If the exhibition is approached in reverse, from the QAG side of QAGOMA, the Yolngu/Macassan Project co-curated by Abdi Karya and Diane Moon make for a more interesting introduction to what follows. Here, an ethereal blue room houses a collection of collaboratively produced objects that include ceramics, sails, bark paintings, burial poles and performance created in a spirit that honours, responds to and augments the ongoing history of Yolngu/Macassarese social and cultural interactions that began with the first trepang trade. The ceramics are perhaps the most surprising – antique pottery shards attest to the centuries of interaction between the two cultures. They cut through the blind-to-history assumptions that those of us who inhabit Australian shorelines are only beginning to invest in cultural exchange with the region. This installation is evidence that such exchanges began centuries ago.

Surprises keep popping up: in the next room, what appears to be a traditional eight-metre-long handmade paper scroll featuring finely painted watercolour botanical studies is hung back-to-back with technological colour-coded visualisations of each plant’s capacity to seek and store minerals. The featured plants share a capacity for transposing minerals from soil into their leaves; these hyper-accumulators. or super-plants, are used to clean toxic minerals from abandoned mining sites. Working with the Sustainable Minerals Institute at the University of Queensland, Chinese artist Hu Yun explores possible synergies between this cutting-edge research into phyto-rehabilitation and the historical evidence of Chinese labourers on Victorian goldfields.

Water-themes, streams of memory, mourning and hope, and tides that honour the traditions of the past to carry them forward into an uncertain future abide throughout the exhibition. The more familiar military-colonial accounts of the islands and atolls dubbed Micronesia are unravelled by the Air Canoe project, 2021, revealing how small cultural resistances that draw from lived understandings of an holistic worldview comprised of “seafloor, earth, plants, creatures, water, sky, cosmos” has generated “vibrant cultures of textiles, music, dance, ritual and food.” The shared dreams and practices of these cultures have sustained their communities throughout the overwhelming devastation wrought by sixty-seven nuclear tests conducted in the region during the Cold War. They continue to sustain them in the wake of climate crisis and the ravages of the Covid pandemic. These may be cultural forms that sit somewhat awkwardly under the conforming umbrella of “contemporary art,” yet the power of these cultural practices to foster community cohesiveness is undisputed.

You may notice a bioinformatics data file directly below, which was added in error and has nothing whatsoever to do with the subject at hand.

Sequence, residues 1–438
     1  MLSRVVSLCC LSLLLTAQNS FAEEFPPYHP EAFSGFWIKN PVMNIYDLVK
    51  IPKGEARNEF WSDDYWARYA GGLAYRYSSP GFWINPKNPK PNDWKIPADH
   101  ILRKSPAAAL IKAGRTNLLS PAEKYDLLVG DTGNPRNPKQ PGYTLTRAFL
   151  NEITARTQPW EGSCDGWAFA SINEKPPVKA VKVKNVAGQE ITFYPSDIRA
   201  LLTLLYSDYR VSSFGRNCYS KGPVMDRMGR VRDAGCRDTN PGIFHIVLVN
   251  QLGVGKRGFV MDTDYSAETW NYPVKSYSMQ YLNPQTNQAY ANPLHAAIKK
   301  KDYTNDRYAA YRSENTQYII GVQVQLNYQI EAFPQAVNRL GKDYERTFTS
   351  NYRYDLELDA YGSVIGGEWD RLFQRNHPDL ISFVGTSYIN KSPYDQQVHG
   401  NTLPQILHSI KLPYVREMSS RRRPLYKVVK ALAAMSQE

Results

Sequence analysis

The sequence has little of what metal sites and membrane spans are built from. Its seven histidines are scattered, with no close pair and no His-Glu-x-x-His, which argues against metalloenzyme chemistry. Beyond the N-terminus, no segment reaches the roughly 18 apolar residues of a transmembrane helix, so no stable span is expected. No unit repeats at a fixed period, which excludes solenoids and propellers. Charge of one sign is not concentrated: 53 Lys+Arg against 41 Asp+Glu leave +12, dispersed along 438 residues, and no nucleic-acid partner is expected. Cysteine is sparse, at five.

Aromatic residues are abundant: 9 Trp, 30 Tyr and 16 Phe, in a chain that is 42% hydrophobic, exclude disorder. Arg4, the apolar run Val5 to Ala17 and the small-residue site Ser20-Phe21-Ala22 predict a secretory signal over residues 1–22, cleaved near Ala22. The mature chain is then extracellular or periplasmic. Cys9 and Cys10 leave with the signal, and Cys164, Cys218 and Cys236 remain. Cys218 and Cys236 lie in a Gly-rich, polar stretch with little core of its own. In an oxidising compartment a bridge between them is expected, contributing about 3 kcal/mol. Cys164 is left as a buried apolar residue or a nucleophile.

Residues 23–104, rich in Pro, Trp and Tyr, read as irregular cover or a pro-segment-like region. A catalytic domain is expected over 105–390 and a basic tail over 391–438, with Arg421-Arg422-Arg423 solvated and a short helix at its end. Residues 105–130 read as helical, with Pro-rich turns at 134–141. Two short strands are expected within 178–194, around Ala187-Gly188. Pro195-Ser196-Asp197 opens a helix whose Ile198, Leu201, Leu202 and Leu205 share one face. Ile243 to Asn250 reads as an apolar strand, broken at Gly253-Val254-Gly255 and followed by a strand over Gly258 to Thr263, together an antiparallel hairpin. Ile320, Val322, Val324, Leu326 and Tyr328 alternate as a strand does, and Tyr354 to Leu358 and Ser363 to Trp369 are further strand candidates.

Yet visitors simply seeking immersion in sheer sublime beauty will not be disappointed either; Dhartari: The creation of the world, 2021, by brothers Mayur and Tushar Vayeda from the Warli people from Maharashtra, India, offers an account of the creation, destruction and recreation of the world with the role of water taking a star act, transforming in each huge panel from rivulets to lakes, to clouds and mist and mystery and back into floods, surging seas of wrath and endless oceans of forgiveness. And it’s a simple plant – a water-gourd, who saves the day. Australian audiences might identify the resonances this work has with Emily Kame Kngwarreye’s images of Yam Dreamings, or perhaps with the dancing surfaces of Dorothy Napangardi’s paintings of the journeys of women ancestors. But this is another origin story from a tiny, specific elsewhere; one that has evolved its expressive force from generations of wisdom and inherited form and skill and story. As the world faces down successive tidal waves of destruction, this exhibition navigates culturally diverse accounts of how adversities have been confronted and overcome in the past – as well as in the present. 

This essay was originally published in Artist Profile, Issue 58, 2022

The 10th Asia Pacific Triennial of Contemporary Art
4 December 2021 – 25 April 2022
Queensland Art Gallery | Gallery of Modern Art, Brisbane